The Seattle Mariners struck up their seventh trade/waiver claim of the 2019 season on Monday, as they acquired recently designated for assignment left-handed reliever Jesse Biddle and injured closer Arodys Vizcaino from the Atlanta Braves for Anthony Swarzak, who had also seen some difficulty in the early going.
While Vizcaino is the biggest name in the deal, he recently underwent Tommy John surgery and will miss the remainder of the 2019 season before becoming a free agent. He probably won’t be ready to pitch competitively again until around mid-season next year. He was included in the deal by Atlanta to help offset some of Swarzak’s salary, the rest of which was evened out by Seattle sending Atlanta roughly $2 million.
While this is purely speculation, if general manager Jerry Dipoto was able to negotiate a rehab contract extension for the 28-year-old Vizcaino, this deal could look like an absolute steal for the Mariners. I would expect that type of deal to have a base of two years worth roughly $8 million ($2 million in 2020, $6 million in 2021) with significant boosters that could bring the deal closer to $20 million if he can come back healthy.
The other piece that the Mariners are getting back is Biddle, who will join the Mariners major-league squad right out of the gate. The 27-year-old lefty, who was once a consensus top-100 prospect for the Philadelphia Phillies, saw his career derailed by injuries including a concussion that was the result of a large ball of hail smashing through his car window into his head. The Phillies traded him to the Pittsburgh Pirates for reliever Yoervis Medina before the 2017 season, and he was promptly lost on waivers to the Braves, who successfully stashed him on the 60-day injured list. He was one of the most productive relievers in the Braves bullpen last year, posting a 3.11 ERA with a 3.88 FIP over 63.2 innings pitched.
While he struggled with control to the tune of a 4.4 BB/9, his 10.1 K/9 was proportional. Unfortunately, he struggled alongside the rest of the Braves pen in 2019, posting a 5.40 ERA over 11.2 innings pitched with underwhelming peripherals including a 4.90 FIP and horrendous 7.7 BB/9. He will need to work out the kinks on the Mariners active roster, as he is out of minor-league options. Seeing as how the Mariners aren’t necessarily going for it in 2019, they can afford to give Biddle the opportunity to try to work out the kinks in an attempt to return to his 2018 form. I would consider the ceiling for Biddle to be that of a very solid, albeit sometimes inconsistent, setup man. He will be eligible for arbitration after this season and will not become a free agent until after the 2023 season.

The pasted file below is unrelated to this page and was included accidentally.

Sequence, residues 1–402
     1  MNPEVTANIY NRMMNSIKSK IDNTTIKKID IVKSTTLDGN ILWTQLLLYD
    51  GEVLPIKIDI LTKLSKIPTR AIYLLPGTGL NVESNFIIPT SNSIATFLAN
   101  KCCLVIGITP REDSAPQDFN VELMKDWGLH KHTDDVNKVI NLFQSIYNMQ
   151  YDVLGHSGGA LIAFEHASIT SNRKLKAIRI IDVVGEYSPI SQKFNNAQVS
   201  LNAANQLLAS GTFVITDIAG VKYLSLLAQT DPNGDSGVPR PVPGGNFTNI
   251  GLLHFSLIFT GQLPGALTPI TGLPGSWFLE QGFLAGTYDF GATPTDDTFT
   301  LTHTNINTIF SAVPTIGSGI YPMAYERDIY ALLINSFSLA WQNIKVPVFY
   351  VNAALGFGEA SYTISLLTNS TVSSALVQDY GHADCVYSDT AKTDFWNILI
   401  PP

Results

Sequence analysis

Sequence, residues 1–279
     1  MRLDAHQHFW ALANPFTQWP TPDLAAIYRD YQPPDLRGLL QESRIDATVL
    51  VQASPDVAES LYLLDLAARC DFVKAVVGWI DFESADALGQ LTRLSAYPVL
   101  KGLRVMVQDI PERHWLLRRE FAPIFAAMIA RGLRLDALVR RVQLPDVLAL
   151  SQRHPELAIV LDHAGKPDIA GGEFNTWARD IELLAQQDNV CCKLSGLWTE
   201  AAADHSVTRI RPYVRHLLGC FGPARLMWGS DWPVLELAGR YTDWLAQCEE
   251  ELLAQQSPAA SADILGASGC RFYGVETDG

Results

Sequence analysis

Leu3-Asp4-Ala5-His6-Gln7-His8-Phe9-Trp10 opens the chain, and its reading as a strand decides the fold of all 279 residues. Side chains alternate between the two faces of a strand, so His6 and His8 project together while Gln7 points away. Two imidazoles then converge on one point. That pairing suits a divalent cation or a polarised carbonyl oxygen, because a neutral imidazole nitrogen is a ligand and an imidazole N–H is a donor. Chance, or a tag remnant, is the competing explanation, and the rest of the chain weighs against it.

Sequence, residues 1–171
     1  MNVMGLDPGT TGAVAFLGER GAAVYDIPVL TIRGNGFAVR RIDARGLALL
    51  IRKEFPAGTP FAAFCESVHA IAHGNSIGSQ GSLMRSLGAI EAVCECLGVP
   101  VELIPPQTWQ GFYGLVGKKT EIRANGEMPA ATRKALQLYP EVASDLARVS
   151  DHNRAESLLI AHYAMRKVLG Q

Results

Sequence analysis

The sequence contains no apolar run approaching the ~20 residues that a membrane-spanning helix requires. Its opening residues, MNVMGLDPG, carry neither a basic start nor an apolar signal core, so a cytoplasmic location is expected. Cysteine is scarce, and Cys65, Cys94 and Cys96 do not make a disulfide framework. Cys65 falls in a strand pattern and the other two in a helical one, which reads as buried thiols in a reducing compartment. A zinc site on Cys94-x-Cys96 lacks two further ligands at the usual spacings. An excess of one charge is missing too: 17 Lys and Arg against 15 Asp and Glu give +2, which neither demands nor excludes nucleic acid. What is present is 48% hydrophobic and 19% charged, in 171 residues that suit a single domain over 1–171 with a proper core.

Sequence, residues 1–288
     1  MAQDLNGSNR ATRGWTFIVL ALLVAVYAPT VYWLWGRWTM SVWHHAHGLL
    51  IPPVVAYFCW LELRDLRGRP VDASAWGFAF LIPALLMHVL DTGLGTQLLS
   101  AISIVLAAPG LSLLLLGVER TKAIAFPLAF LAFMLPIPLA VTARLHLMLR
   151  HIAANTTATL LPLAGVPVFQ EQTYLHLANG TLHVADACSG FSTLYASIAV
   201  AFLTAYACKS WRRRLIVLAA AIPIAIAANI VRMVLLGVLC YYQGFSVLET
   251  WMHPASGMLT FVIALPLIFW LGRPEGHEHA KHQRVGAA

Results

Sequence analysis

As for the 33-year-old Swarzak, he’s in the final season of an ill-fated two-year deal that paid him $14 million guaranteed. He earned the deal after an excellent 2017 season, in which he signed with the Chicago White Sox on a minor-league contract and found immediate success that was sustained after being traded to the Milwaukee Brewers for outfielder Ryan Cordell. All told, he posted a 2.33 ERA over 77.1 innings pitched during that season with a 2.74 FIP, 2.6 BB/9 and 10.6 K/9. After signing with the New York Mets, however, the wheels fell off, as his control suffered and injuries limited him to just 26.1 innings. Overall, he finished the 2018 season with a horrible 6.15 ERA and 5.48 FIP. He was flipped to the Mariners in the Edwin Diaz blockbuster and struggled out of the gate, posting a 5.27 ERA and an 8.07 FIP over 13.2 innings. He will slide into the Braves middle relief corps, as they hope to find an answer in a bullpen that has struggled, as a whole, through the early months of 2019.
I give the Mariners a definitive edge in this deal. On one hand, yes, it’s essentially a swap of spare parts, but just look at where the players were within their respective organizations two months ago. Swarzak was a savings bond player who was attached to the Diaz deal to offset salary and the Mariners were simply hoping to flip for something a bit more long-term. Meanwhile, Vizcaino was expected to be the Braves closer, and Biddle was expected to be one of their main middle relief options. The Mariners did well to further improve their haul on the Cano deal, and while neither piece is anywhere near a certainty to produce positive results for the Mariners, the upside and long-term benefit are both greater than Swarzak could have provided.
This all being said, it wasn’t necessarily a bad move for the Braves either. While both players had high expectations going into the season, Biddle would have been claimed off waivers for nothing otherwise, and Vizcaino would have missed the season and left as a free agent this coming offseason, assuming they were unable to re-sign him. At the very least, the Braves got something to show for the pair who both ultimately already had a foot out the door.